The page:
Realizing the Full Benefit of Artificial Intelligence for Education

Silver Lining for Learning

Nov 5 2022 • 1 hr 2 mins

Roy Amara of the Institute for the Future is quoted as saying: “We overestimate technology short-term, and underestimate it long-term.”  How does this apply to AI?  First, we now know that fears of rapid impact on employment were vastly overblown, as they were based on extrapolations of capabilities continuing in an exponential fashion, rather than plateauing.  Furthermore, the progress has been for narrow applications which were, in engineering-speak, “bounded problems” like protein folding most famously.

During this session, we will examine the true abilities and gaps of AI, as delineated in Charles’ co-authored book on Artificial Intelligence in Education, and discuss whether and when these might be resolved in ethical ways.  Armed with that view, we will then address how advances in AI impact education at three levels:

  • Curriculum – What we teach for employability
  • Instruction – Intelligent Tutoring Systems may be overblown, but narrow slices are possible (e.g., foreign language acquisition)
  • Assessments – analytics are a clear fit, but it is mostly data science techniques; we need to define what AI is in this context, above and beyond algorithmic techniques and basic adaptiveness.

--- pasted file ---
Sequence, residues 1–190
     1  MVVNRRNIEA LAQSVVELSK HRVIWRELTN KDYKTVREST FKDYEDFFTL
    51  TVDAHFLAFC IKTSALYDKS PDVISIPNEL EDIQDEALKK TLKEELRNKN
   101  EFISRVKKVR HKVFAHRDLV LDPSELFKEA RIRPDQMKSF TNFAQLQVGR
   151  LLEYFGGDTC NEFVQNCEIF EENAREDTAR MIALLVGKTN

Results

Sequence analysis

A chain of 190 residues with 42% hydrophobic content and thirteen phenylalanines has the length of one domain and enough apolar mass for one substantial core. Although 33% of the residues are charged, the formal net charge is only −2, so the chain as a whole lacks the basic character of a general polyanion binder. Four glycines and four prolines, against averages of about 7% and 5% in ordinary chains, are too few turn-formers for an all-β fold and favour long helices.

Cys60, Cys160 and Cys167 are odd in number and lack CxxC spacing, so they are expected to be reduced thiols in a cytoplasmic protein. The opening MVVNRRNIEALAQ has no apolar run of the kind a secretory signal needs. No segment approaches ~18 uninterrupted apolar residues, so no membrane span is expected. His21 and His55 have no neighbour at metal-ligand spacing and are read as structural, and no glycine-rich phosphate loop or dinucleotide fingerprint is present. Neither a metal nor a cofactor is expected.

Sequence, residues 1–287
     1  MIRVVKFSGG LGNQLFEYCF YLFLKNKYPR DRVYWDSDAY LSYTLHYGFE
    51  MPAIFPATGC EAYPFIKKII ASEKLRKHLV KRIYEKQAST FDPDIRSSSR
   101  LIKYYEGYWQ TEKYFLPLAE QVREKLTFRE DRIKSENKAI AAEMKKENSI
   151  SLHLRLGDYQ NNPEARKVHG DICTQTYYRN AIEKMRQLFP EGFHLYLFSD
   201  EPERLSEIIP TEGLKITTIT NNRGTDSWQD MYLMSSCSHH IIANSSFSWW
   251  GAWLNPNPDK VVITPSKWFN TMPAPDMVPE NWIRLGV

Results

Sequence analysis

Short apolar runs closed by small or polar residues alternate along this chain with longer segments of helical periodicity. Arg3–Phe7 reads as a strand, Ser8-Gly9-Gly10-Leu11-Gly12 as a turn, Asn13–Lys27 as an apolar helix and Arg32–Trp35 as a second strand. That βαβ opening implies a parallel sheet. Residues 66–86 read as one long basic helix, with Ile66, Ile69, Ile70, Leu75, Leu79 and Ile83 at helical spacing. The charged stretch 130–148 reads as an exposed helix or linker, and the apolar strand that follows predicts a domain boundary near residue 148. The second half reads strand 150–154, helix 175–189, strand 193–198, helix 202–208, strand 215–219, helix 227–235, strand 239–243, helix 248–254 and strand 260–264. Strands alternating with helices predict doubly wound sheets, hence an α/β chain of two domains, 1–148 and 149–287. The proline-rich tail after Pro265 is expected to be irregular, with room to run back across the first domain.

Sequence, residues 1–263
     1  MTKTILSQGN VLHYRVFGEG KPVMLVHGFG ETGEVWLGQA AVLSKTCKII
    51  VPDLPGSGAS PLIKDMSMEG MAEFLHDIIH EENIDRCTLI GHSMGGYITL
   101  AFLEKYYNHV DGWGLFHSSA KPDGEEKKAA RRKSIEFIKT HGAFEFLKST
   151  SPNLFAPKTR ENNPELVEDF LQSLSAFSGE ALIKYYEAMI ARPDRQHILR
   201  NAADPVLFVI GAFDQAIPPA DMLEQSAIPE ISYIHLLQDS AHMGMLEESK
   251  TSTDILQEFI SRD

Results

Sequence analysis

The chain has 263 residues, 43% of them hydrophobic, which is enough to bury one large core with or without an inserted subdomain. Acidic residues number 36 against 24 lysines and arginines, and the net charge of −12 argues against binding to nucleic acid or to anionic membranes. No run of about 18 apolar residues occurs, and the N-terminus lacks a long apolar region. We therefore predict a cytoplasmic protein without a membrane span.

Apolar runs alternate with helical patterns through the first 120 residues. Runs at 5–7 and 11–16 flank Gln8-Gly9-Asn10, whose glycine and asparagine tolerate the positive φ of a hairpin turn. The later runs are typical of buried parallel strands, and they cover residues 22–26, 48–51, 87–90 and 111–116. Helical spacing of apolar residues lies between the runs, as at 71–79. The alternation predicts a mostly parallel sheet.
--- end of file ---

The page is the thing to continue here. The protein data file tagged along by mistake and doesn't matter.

Another impact of AI on education is changing what capabilities educators should cultivate and what students need to learn for their future occupation. Over the next two decades, our partnership with computers in accomplishing work roles will typically involve intelligence augmentation—an interweaving of human judgment with machine reckoning— even though a few human jobs will instead be done completely by AI. For instance, AI designed to support the work of teachers might use metrics like how much time students spent on an activity, the number of questions they answered correctly, and the number of attempts in order to evaluate whether particular students need additional instruction in a topic; AI would provide a recommendation to the teacher. The educator then assesses the validity of this suggestion using a host of data points (e.g., students’ levels of engagement overall, personality, performance in adjacent subjects, well-being) and decides how to best craft additional, engaging instruction for the student. Much as how the word processor enhanced human efficiency, productivity, and capabilities, AI can augment human abilities through reckoning—with potentially a great benefit in which the human-AI partnership is capable of more than either person or machine in isolation.